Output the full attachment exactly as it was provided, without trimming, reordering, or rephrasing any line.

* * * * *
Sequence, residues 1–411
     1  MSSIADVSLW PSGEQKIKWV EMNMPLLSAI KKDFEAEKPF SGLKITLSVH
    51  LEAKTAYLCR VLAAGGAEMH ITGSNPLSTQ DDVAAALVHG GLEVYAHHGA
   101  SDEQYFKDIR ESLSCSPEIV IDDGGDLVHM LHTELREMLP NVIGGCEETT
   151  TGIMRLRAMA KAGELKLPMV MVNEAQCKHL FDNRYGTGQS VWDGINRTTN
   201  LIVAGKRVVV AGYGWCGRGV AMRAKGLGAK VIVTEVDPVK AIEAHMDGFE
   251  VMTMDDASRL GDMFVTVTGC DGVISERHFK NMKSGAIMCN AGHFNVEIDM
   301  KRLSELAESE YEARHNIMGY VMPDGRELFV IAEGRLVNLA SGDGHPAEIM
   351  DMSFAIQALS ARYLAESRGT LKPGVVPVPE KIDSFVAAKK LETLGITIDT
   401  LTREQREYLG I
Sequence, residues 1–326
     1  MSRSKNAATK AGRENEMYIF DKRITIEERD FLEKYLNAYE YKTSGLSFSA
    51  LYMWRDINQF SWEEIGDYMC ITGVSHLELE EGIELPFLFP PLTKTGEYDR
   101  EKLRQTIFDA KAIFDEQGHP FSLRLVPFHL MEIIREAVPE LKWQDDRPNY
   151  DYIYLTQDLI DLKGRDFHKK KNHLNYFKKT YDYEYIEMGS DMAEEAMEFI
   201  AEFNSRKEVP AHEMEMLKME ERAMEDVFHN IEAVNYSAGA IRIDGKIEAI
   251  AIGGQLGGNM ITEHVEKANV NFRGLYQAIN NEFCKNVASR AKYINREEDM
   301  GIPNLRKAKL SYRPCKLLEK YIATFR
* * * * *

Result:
Sequence, residues 1–411
     1  MSSIADVSLW PSGEQKIKWV EMNMPLLSAI KKDFEAEKPF SGLKITLSVH
    51  LEAKTAYLCR VLAAGGAEMH ITGSNPLSTQ DDVAAALVHG GLEVYAHHGA
   101  SDEQYFKDIR ESLSCSPEIV IDDGGDLVHM LHTELREMLP NVIGGCEETT
   151  TGIMRLRAMA KAGELKLPMV MVNEAQCKHL FDNRYGTGQS VWDGINRTTN
   201  LIVAGKRVVV AGYGWCGRGV AMRAKGLGAK VIVTEVDPVK AIEAHMDGFE
   251  VMTMDDASRL GDMFVTVTGC DGVISERHFK NMKSGAIMCN AGHFNVEIDM
   301  KRLSELAESE YEARHNIMGY VMPDGRELFV IAEGRLVNLA SGDGHPAEIM
   351  DMSFAIQALS ARYLAESRGT LKPGVVPVPE KIDSFVAAKK LETLGITIDT
   401  LTREQREYLG I
Sequence, residues 1–326
     1  MSRSKNAATK AGRENEMYIF DKRITIEERD FLEKYLNAYE YKTSGLSFSA
    51  LYMWRDINQF SWEEIGDYMC ITGVSHLELE EGIELPFLFP PLTKTGEYDR
   101  EKLRQTIFDA KAIFDEQGHP FSLRLVPFHL MEIIREAVPE LKWQDDRPNY
   151  DYIYLTQDLI DLKGRDFHKK KNHLNYFKKT YDYEYIEMGS DMAEEAMEFI
   201  AEFNSRKEVP AHEMEMLKME ERAMEDVFHN IEAVNYSAGA IRIDGKIEAI
   251  AIGGQLGGNM ITEHVEKANV NFRGLYQAIN NEFCKNVASR AKYINREEDM
   301  GIPNLRKAKL SYRPCKLLEK YIATFR